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Literature in Marxism is perceived as something which is deeply influenced by the culture and society in which the author is living in. Therefore literature is seen as a product from culture which means that the author is affected by the environment and the external elements surrounding him. In the same way one reader differs from the other because he or she is also affected by the social surroundings. Moreover, Marxists, and later on Structuralists, believe that because literature is experienced according to ones attitude and principles of society, literature is ‘ideologically impregnated by its social positioning’.  Lois Althusser has played an important role in the defining of ideology in literature with important essays such as his 1970 essay entitled Reading “Capital” and another more important essay in the field of ideology entitled Ideology and Ideological State Apparatuses (1970). Others like Roland Barthes also helped defining the role of ideology when reading literature especially with the prominent essay entitled The Death of the Author, published in 1967.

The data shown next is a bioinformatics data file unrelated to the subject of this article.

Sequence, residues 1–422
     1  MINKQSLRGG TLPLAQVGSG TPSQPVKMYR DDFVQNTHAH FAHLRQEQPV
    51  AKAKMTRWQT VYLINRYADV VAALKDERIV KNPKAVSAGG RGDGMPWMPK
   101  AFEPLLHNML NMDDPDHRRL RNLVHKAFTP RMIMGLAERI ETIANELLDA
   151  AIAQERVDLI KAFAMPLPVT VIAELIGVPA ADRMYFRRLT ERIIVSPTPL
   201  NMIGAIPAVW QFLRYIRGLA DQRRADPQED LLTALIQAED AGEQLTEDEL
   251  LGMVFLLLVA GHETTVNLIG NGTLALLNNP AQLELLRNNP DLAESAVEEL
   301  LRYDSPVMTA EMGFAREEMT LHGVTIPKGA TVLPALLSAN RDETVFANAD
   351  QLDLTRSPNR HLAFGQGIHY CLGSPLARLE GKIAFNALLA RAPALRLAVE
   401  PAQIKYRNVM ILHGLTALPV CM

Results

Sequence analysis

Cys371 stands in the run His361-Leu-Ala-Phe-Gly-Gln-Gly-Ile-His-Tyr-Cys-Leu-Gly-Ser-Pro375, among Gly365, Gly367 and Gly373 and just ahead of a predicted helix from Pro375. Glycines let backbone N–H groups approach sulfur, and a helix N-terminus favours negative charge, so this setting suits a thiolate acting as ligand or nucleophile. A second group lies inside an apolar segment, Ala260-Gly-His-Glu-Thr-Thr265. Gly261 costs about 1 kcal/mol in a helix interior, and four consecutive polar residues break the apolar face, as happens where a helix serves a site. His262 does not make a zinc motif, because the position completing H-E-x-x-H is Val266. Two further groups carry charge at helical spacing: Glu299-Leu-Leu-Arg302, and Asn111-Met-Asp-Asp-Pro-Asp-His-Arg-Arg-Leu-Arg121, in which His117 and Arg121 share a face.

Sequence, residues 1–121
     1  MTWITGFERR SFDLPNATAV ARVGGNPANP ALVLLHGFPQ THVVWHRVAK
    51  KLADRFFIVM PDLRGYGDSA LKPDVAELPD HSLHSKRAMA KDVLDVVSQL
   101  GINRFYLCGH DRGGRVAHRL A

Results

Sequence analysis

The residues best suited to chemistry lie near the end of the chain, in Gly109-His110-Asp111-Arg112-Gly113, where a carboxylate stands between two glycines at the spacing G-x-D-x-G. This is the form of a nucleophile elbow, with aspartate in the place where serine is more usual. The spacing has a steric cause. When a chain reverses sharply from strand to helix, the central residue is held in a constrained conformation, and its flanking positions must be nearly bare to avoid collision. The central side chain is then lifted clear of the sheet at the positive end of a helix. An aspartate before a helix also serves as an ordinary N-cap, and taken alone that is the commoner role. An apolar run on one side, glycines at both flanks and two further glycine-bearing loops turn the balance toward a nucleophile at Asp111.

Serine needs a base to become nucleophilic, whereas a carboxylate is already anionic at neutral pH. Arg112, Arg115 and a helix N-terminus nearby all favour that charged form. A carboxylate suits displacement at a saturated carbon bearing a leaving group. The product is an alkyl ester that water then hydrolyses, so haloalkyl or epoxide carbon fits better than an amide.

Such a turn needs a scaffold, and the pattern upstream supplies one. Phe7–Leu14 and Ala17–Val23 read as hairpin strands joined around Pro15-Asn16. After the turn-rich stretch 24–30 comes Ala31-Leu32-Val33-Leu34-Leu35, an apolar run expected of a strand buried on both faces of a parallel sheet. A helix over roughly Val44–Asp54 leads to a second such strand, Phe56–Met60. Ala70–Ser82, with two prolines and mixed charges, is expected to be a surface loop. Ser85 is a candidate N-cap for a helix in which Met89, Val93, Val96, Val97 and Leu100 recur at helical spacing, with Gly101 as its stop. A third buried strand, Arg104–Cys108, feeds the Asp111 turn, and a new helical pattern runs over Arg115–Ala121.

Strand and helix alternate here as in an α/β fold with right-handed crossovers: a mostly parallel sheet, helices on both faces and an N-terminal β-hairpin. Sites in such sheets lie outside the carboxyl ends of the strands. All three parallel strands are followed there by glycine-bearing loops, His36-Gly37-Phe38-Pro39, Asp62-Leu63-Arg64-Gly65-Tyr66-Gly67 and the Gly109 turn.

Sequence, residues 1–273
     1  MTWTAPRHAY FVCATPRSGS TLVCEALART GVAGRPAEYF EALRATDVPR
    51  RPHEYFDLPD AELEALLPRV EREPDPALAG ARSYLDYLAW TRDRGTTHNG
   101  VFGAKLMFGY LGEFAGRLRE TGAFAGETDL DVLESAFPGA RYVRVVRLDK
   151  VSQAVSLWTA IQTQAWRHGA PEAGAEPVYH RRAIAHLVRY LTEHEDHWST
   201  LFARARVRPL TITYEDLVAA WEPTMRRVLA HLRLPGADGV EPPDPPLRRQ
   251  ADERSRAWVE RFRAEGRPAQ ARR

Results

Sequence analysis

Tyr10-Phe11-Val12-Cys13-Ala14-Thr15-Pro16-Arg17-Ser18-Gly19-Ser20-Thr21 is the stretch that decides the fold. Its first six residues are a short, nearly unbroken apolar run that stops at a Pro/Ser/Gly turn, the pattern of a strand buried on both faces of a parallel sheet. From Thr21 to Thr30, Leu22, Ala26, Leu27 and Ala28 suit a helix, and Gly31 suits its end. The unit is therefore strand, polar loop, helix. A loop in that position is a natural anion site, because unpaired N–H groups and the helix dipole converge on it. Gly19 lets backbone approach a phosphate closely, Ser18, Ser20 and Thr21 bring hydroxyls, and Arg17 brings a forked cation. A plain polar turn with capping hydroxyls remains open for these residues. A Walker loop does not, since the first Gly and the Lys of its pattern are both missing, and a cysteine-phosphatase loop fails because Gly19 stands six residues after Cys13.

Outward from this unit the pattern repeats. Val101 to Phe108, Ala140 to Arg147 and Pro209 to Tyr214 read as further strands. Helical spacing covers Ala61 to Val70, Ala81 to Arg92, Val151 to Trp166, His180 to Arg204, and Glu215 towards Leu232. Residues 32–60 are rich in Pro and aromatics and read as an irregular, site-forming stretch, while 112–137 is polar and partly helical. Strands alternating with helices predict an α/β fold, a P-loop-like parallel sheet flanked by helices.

Ideology has become a key concept in Marxists’ theorists’ works and criticism about art and literature. Marxists see ideology more than just the study of ideas but they see it as an outlook of life. The Bourgeois ideology is regarded by Marxists as constructing and infusing institutions in society and in cultures which also include literature and different forms of art. Ideology, particularly to Structuralists, becomes an imperative issue, especially to the way in how one can talk about ideology in a non-ideological way. At first Marxists see the word ideology in a negative light due to the fact that they associate the word with ‘false consciousness’.  Marxists see ideology as a method employed by the dominant classes to prevent subordinates from realising the true nature of things and change them to their own benefits. Thus as a means of hiding the truth and keeping the ruling power over the inferior classes from obtaining their rightful civil liberties. But then in the 1960’s, Althusser changed the concept of ideology being a kind of false consciousness with his essay Ideology and Ideological State Apparatuses (1970). In this essay Althusser argues that society must first be divided into different “ideological state apparatuses” rather than be viewed as a whole. He argues that rather than false consciousness, the ideologies vary according to each state apparatus. Althusser sees literature as being one of these state apparatuses since literature does not express just one kind of ideology but it varies according to the text. He states that interpellation takes place rather than social consciousness and this means that the human being is made up of the established structures in society such as the mass media and literature in which the representations seen in it consist of the expressions of everyday realities. Therefore, ideology, according to Althusser, is made up of both the real and the imaginary since it is real because it shows how people really live their everyday life in accordance with society and its domains but imaginary because it does not offer a full understanding of the ways of how people are constituted in these social realities.  At the same time when people read a realist text they can relate to it and when characters are portrayed as being free, the text will interpellate the readers to think that they are free as well. Thus, realist novels work in the same way as ideology does; by addressing the readers and as a result making them believe the ideological vision that they are portraying.